Student data, such as attendance, behavior, test scores and grades, among others, can be used to highlight strengths and areas in need of improvement in classrooms and schools. Deeper dives can also be made to compare and cross-reference data types to show predictive trends and patterns to better inform decisions.

LDS training begins with a simple conversation about the unique qualities of a school, its students and community. “In order to support our schools, we need to know what their needs are,” said Jan Fukada, DGA director. “Through conversations, we focus in on high and low performing areas and use the LDS to provide customized data analysis that can support schools’ decision-making and actions.”

DGA has been working with educators to increase data use and to continually improve the quality of data, dashboards and the overall user experience, which has led LDS usage to quadruple over the past four years. Requests for training is also on the rise with over 100 conducted in the spring semester of 2019 alone.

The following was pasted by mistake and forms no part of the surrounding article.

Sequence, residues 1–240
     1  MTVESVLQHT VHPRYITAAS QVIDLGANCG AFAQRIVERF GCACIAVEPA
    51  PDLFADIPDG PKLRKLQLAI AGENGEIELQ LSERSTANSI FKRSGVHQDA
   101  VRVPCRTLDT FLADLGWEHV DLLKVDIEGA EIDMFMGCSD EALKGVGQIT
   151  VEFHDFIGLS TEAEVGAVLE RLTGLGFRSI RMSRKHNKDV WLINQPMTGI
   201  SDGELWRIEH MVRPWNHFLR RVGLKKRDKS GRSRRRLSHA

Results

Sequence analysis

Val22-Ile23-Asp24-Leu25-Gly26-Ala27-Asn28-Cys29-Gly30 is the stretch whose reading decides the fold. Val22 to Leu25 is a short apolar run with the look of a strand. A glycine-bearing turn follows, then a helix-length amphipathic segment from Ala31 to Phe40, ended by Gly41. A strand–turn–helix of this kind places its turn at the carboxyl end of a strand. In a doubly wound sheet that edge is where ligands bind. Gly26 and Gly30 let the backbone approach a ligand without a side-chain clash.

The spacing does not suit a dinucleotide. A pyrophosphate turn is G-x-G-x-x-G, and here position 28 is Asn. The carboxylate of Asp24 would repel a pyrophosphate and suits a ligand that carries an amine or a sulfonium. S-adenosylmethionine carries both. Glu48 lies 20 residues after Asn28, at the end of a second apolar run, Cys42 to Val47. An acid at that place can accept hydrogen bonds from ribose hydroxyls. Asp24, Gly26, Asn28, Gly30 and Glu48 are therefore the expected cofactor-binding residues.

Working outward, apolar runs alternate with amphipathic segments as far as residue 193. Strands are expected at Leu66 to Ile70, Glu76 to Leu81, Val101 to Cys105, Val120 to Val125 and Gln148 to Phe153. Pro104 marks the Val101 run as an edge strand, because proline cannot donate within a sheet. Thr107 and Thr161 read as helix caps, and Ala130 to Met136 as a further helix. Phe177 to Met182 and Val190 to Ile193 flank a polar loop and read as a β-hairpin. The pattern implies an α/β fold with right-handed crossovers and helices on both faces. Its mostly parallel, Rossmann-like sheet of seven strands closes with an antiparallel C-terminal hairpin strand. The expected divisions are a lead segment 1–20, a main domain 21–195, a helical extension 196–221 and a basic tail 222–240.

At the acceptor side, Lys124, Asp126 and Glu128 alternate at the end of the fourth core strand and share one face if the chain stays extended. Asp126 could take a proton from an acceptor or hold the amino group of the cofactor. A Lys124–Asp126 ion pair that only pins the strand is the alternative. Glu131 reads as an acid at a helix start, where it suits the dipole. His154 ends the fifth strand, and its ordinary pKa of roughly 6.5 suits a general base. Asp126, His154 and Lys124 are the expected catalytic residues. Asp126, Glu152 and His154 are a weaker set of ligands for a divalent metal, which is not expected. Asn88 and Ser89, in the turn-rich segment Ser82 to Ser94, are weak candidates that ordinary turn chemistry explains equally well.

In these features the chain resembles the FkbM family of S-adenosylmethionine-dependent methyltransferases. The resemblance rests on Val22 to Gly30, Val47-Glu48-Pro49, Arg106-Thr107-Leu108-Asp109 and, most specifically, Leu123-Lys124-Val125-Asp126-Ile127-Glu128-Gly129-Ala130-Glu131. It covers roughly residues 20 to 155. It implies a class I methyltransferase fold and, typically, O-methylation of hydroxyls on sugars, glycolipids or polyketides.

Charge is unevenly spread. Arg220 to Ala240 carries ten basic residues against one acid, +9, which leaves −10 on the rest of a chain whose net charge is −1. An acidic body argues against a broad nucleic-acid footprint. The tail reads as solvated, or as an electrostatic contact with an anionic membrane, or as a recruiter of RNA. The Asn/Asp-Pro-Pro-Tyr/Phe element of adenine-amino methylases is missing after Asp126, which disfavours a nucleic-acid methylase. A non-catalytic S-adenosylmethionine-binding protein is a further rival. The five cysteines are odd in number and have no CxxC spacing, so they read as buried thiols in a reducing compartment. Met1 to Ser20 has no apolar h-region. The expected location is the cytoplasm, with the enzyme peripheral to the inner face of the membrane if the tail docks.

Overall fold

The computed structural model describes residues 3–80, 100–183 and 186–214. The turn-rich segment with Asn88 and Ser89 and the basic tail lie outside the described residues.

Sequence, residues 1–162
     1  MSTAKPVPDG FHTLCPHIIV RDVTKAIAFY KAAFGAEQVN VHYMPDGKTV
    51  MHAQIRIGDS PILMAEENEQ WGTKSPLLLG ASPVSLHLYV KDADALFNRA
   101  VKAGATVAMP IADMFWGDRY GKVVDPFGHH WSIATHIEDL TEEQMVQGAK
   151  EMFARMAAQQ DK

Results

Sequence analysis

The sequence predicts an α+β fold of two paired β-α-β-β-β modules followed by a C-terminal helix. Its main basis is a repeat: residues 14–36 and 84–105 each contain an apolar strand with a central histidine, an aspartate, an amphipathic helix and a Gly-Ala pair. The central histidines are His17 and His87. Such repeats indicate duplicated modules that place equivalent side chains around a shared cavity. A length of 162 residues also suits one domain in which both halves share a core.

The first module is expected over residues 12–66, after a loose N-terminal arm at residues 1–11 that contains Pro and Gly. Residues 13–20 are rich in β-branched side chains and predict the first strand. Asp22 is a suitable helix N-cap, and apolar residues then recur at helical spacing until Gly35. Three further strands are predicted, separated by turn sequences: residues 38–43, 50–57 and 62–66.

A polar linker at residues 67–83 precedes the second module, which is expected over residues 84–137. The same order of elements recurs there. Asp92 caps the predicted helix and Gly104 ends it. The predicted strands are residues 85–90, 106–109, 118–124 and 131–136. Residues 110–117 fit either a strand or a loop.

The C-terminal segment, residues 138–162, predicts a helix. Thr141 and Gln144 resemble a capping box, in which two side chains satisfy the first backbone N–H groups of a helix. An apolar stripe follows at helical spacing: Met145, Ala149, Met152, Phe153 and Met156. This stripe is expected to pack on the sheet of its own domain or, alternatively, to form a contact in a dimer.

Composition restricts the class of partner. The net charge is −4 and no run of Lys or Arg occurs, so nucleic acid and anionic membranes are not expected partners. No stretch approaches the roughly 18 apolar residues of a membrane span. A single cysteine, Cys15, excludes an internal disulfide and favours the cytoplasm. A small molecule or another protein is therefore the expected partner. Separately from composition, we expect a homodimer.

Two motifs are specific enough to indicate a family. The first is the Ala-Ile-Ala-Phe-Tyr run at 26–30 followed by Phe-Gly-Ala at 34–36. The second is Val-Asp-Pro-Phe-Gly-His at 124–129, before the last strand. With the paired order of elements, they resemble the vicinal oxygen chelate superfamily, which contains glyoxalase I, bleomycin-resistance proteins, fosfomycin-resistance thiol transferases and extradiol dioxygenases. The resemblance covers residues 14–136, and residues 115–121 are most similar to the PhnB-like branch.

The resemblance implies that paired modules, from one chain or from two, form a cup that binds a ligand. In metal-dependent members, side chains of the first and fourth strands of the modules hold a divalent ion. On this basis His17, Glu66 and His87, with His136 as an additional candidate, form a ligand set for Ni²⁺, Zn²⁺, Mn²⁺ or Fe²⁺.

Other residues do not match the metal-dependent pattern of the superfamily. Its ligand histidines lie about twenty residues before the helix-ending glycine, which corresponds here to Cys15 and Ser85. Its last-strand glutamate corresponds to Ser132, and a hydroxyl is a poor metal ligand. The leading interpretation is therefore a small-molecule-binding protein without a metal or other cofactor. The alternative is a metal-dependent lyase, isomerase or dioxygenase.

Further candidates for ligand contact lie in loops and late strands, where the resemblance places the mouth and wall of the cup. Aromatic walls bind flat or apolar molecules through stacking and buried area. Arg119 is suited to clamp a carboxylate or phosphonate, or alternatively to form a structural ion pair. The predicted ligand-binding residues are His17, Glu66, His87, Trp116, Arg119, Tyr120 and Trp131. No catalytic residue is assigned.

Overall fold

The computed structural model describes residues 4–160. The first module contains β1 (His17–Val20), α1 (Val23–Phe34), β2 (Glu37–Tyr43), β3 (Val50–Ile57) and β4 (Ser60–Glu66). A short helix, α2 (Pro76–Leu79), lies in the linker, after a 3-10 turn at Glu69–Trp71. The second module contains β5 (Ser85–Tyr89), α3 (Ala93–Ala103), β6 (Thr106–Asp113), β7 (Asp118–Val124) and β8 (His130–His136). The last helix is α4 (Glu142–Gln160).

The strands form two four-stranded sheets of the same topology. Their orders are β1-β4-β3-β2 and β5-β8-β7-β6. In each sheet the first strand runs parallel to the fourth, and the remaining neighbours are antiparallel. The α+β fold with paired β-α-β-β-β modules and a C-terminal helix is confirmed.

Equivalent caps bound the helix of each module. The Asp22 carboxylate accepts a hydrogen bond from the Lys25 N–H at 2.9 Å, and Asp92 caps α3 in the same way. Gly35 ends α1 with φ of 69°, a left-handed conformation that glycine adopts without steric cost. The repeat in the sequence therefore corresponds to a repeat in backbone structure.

“Partnerships, relationships and support are crucial to positive outcomes in this process,” said Fukada. “Feedback from educators about their experiences is crucial to making the LDS even better moving forward. We want to thank all of our users so far and we look forward to working with more schools so quality data can help to support better decisions ahead.”

Looking forward, the Hawai‘i State Department of Education (HIDOE) is creating the Longitudinal Education Information (LEI) system, a single, shared repository of validated data that will include all information in the current LDS, to improve data standardization and efficiency. The LEI system will further improve HIDOE’s ability to use data for decision making, research, and to support future innovation and improvements at schools. Data is empowerment!

Categories: Education

Pages: 1 2 3 4 5 6 7 8 9